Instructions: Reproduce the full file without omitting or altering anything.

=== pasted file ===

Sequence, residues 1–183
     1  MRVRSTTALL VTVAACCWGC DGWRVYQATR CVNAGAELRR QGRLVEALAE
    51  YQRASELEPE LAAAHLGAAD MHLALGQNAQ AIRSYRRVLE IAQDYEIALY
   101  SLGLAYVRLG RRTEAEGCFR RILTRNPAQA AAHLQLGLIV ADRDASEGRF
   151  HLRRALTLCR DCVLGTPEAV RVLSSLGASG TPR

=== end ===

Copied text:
Sequence, residues 1–183
     1  MRVRSTTALL VTVAACCWGC DGWRVYQATR CVNAGAELRR QGRLVEALAE
    51  YQRASELEPE LAAAHLGAAD MHLALGQNAQ AIRSYRRVLE IAQDYEIALY
   101  SLGLAYVRLG RRTEAEGCFR RILTRNPAQA AAHLQLGLIV ADRDASEGRF
   151  HLRRALTLCR DCVLGTPEAV RVLSSLGASG TPR